Tip 4: make to-do lists

I’m fan of to-do lists and check-lists that’s why I’ve tried to-do lists system in my team and now I’m happy with the result. In my opinion, it’s not enough to tell your team-mate: “Create the landing page header” or “build a slider according to the design”, so a big task may be scary and demotivate the developer, especially if he/she is a beginner.

In Trello you can add check-lists to your task cards and it’s really great: add a check-list to every big task card, add in it small tasks like “add a github branch”, “create basic structure of the block”, “add block header and CSS styles for it”. I put 7–10 small tasks to every big block and it helps my team not to forget anything and just build this block step by step.

This is example of check-list for one of the blocks on our landing page:

Nothing was forgotten or missed because of this to-do list and my team-mates know that if they complete a check-list they complete an alpha-version of the block. It’s really helpful for Project Manager and for the team.

Tip 5: make code-reviews

I make code reviews after completing every block of our landing page and I think it’s the perfect frequency of code-reviews in such projects. I don’t merge block branch in GitHub to master branch without detailed review with 1–2 rounds of fixes, that’s why my team has had big progress in these 2.5 weeks of our collaboration.

I don’t want to make their code 100% perfect and try not to add more than 2 rounds of fixes because it’s a bit demotivating to work and work and work with only one block without any big progress, so I stop when the code is good enough: when it’s readable, easy-maintainable and there are no useless styles/classes/tags in it.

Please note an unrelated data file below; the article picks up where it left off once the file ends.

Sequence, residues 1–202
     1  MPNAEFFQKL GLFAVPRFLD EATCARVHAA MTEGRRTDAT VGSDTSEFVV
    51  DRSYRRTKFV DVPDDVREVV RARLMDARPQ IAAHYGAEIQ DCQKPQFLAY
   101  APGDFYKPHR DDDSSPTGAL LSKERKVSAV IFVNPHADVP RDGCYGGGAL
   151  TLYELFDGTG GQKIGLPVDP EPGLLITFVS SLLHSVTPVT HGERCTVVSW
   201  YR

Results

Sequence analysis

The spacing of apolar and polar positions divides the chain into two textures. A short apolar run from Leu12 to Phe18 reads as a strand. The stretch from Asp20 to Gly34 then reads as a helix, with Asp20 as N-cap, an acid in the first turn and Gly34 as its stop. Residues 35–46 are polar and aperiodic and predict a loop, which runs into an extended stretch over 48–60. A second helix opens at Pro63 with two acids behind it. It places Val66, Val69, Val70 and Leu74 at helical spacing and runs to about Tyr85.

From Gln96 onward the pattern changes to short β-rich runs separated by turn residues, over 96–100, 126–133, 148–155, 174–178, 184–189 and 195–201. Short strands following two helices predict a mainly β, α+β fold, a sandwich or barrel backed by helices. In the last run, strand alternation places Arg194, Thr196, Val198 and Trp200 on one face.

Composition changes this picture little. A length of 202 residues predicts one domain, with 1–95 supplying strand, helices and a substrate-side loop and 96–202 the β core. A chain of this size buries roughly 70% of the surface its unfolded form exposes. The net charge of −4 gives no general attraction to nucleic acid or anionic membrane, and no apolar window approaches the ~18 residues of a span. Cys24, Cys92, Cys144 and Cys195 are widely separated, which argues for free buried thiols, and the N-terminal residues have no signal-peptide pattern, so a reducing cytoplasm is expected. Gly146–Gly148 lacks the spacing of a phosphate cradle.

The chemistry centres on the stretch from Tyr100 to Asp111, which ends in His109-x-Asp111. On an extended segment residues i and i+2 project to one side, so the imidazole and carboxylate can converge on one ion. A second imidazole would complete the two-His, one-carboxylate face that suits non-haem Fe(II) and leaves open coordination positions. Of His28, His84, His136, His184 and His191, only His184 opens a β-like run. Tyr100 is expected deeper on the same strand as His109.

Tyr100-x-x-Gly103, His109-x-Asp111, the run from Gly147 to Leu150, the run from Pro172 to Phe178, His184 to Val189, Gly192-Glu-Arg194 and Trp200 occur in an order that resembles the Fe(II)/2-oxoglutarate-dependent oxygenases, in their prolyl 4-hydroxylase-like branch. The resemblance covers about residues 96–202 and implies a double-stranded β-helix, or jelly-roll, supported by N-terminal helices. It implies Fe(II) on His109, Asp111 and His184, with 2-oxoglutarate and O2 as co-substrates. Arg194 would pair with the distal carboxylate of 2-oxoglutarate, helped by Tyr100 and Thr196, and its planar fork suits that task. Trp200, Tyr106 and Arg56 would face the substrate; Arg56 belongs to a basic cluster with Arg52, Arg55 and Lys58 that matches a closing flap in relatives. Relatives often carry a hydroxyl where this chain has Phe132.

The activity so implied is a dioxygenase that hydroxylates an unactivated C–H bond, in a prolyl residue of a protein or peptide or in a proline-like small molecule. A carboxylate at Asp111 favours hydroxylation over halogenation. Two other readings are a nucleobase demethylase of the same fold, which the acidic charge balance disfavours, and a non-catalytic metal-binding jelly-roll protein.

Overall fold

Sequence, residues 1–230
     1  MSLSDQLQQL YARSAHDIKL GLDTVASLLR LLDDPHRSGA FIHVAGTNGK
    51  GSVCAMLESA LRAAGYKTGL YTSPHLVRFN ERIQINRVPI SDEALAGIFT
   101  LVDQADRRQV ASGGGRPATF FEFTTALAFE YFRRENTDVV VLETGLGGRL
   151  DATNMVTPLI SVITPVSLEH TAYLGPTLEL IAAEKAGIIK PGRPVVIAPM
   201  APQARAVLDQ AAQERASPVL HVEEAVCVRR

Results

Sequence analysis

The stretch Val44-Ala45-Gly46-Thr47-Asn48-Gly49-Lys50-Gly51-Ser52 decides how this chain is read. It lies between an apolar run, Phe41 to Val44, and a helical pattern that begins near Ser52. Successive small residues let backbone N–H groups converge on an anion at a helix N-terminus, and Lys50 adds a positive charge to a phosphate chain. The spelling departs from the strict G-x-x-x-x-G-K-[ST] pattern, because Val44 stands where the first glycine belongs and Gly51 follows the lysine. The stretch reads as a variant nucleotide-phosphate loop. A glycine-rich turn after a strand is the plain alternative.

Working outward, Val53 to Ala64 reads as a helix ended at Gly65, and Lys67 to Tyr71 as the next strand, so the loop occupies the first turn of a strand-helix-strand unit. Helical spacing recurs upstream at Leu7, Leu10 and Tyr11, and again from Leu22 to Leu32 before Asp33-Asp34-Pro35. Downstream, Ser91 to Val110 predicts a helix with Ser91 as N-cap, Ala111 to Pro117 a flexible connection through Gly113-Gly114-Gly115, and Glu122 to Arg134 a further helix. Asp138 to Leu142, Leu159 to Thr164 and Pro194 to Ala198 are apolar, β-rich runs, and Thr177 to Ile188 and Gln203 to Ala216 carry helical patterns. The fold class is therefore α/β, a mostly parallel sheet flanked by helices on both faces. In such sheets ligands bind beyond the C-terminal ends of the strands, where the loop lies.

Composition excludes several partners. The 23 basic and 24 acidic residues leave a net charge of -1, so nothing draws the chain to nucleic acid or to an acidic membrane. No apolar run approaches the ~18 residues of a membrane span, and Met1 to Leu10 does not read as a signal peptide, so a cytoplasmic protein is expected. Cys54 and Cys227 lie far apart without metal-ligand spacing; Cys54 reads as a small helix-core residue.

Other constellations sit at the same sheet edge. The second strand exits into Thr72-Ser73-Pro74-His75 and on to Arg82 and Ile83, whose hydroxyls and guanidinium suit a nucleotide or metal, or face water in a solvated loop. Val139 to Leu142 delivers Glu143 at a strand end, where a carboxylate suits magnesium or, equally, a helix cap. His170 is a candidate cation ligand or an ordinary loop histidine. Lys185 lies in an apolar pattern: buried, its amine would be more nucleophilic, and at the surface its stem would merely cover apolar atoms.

All the fixes I put in additional check-lists on Trello with comments. In these comments I attach useful articles which can help to fix issues, also I explain why this or that piece of code is not semantically good or why these styles can cause big problems in future. In the beginning of our journey there were many bugs in the code, but now we have only 2–3 small issues in the block because of very fast level-up of my team-mates.

Tip 6: friendly and warm atmosphere is essential

The Project Manager’s duty is not only to keep discipline and improve the quality of the code, but also keep a nice, warm and motivating atmosphere in the Slack team channel. Don’t hesitate to use smiles and funny emojis/gifs, remind your team-mates that they are doing great work and that your team is making excellent progress. Don’t shame your team-mates because of their mistakes or level: Chingu is a place to study how to be a great developer. It’s OK here to be beginner, to make mistakes and to have troubles with hard parts of code and if Project Manager wants to keep high motivation in his team he/she must be nice and polite with his/her mates and to prevent every aggressive behaviour from team-mates to each other.

I hope this article will be helpful for other Chingu Project Managers to create more comfortable and convenient work environments, to make a more efficient project building process and to keep their team-mates highly motivated. Chingu Voyage is an amazing adventure and awesome team building experience. It’s funny, it’s inspiring and it’s extremely interesting to participate in as a developer or as Project Manager and the better organised the teams are, the more projects will be successfully completed (and the more fun and positive experiences everyone will get).